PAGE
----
Emily the cat came back last night after 3 nights missing, she's moving slow with a bit of a limp but seems ok, and very pleased to be home. We'll take her to the vet for a check up.
In the interests of fairness, putting the alternative view and generally trying to learn, here is some discussion of methods.
A guy (Will) on one of the sites has suggested that you can make Yew bows to virtually final dimensions including horn nocks before getting it on the tiller for final tweaking. I'd agree that this is possible with laminates and may be possible with a clean stave. He suggests that one advantage is that the wood doesn't get overstressed by excessive force when unevenly tillered and it doesn't even need a long string.
The interesting thing is that when you study the detail of what he says it is virtually the same as what I say and do, other than working on the tips and outers which come round later!
Here's his quote:-
"The long string is a bit of a controversial one as well - many bowyers who make superb heavy bows don't use long strings, especially not for a 100lb bow. Something that light can be floor / vice tillered to begin with, then braced as soon as possible.
If you watch Ian Sturgess' recent video you can see the process clearly. It's a case of ensuring perfect tapers and watching the mass, getting the bow virtually finished before it even sees the tillering tree. This minimises set, and drastically reduces the strain put on a bow early on, while many other bow makers drag it down on a long string to see where the problems are - by which point those problems have already damaged the bow.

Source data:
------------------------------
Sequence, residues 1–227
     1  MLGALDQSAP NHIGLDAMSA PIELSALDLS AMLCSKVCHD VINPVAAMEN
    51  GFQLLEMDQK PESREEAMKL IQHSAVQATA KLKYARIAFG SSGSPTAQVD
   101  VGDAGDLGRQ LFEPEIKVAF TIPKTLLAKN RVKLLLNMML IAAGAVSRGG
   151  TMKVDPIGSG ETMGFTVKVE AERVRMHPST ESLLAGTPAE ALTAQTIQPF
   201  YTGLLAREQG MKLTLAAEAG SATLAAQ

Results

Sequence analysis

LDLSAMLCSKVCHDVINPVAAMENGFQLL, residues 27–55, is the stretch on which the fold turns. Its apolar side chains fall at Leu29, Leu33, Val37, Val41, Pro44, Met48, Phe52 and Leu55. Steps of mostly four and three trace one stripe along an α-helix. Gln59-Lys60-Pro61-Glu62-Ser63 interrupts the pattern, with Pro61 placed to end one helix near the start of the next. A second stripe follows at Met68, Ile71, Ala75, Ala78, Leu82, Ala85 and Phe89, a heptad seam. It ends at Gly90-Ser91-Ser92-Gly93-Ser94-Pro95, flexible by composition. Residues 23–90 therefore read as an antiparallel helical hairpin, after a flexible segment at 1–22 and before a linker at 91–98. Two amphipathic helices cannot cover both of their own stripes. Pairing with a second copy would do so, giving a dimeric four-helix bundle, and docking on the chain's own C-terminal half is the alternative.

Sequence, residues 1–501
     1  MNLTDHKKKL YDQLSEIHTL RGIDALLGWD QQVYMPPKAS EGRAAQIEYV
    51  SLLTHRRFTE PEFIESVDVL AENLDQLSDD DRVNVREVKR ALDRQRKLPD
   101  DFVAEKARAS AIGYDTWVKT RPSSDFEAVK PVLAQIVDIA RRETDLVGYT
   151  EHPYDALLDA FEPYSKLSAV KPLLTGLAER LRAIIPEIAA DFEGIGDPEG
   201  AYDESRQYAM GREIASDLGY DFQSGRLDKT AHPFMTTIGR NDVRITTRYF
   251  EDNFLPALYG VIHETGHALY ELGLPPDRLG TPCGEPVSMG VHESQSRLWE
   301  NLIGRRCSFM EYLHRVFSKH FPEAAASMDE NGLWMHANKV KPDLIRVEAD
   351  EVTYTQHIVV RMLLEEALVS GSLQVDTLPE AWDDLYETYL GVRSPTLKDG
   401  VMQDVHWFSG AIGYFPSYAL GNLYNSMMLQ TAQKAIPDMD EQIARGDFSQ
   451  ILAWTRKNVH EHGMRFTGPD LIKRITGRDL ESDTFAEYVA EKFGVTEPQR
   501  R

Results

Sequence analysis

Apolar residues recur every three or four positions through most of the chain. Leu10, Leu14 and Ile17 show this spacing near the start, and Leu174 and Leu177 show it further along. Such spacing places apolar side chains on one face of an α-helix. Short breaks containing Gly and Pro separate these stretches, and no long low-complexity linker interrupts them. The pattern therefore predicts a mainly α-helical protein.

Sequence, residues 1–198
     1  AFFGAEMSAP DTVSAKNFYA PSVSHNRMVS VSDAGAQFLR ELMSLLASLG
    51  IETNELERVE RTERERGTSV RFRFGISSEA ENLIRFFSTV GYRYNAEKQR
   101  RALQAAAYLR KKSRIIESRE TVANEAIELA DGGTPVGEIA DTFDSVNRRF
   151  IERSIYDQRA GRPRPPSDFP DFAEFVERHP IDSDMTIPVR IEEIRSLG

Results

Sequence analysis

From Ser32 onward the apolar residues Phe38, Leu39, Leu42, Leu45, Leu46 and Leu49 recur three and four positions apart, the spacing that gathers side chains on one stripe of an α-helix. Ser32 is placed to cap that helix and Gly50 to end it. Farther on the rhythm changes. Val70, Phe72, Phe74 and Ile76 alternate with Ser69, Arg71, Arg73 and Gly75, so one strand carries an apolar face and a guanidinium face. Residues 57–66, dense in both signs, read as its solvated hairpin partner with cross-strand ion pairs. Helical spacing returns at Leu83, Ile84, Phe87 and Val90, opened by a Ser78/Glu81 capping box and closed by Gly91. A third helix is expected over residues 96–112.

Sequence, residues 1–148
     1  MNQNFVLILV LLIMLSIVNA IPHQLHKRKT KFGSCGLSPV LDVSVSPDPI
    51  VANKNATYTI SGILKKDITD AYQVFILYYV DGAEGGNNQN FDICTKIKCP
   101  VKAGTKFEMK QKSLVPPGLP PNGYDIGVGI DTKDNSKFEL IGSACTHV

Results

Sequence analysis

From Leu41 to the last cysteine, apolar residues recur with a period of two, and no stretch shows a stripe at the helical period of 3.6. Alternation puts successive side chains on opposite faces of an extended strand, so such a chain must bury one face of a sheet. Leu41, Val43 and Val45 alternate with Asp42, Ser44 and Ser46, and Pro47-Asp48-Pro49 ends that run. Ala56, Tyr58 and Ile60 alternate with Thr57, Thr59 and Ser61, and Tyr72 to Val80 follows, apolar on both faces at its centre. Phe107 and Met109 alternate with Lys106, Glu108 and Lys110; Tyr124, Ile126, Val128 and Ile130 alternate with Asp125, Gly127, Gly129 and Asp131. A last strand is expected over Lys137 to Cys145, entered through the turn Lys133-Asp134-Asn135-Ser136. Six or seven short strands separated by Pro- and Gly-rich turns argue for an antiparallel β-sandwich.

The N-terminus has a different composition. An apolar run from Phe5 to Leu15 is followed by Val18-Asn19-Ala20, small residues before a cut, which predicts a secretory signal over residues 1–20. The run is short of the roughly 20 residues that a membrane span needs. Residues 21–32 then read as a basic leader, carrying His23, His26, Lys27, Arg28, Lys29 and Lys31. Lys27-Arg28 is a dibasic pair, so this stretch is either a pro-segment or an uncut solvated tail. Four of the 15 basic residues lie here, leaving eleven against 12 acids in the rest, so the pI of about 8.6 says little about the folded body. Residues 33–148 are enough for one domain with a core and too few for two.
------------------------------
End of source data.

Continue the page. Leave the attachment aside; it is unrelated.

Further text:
However, all of that said, with unknown woods and unfamiliar draw weights a long string does keep things safe, at the risk of having a lower performing bow. I think for what you're doing (at this stage just trying to make the thing work!) a long string is wise, but perhaps only to brace height. Provided the bow is fairly even at brace height, you should be able to see almost all the problems with the tiller from the full brace shape."
Anyhow, it's given me thought to question my techniques and my position that "you can't make a bow by numbers" I think the key reasons for my approach are to cope with uneven staves, problems of bows trying to bend sideways and trying to hit an exact draw weight.
I think any technique done well souldn't overstress the wood, but I'd suggest that unless you have perfect timber, caution and proceeding slowly is safest.
He raises some interesting questions about how the medieval bowyers would have worked suggesting they couldn't take too long on the tiller.
This has been raised before and the counterargument is that they also couldn't spend ages measuring dimension and mass.
My thought was maybe they had a set of gauges to judge the key dimensions, but no such tools have been found. More likely we probably just underestimate their skill and they were good enough to get it all very close by eye and maybe flexing it by shoving it between two beams and heaving on it one limb at a time.
We simply don't know.
Anyhow, I could make a bow close to final dimension and go from there if I wanted, inded I have done so before. I think the key point is I try to explain the best way to do it to achieve success (especially for the less experienced) which is generally considered to be a well tillered bow at the target draw weight and length. I don't suppose the medieval bowyer of warbows was aiming at a specific poundage other than bllody heavy or over!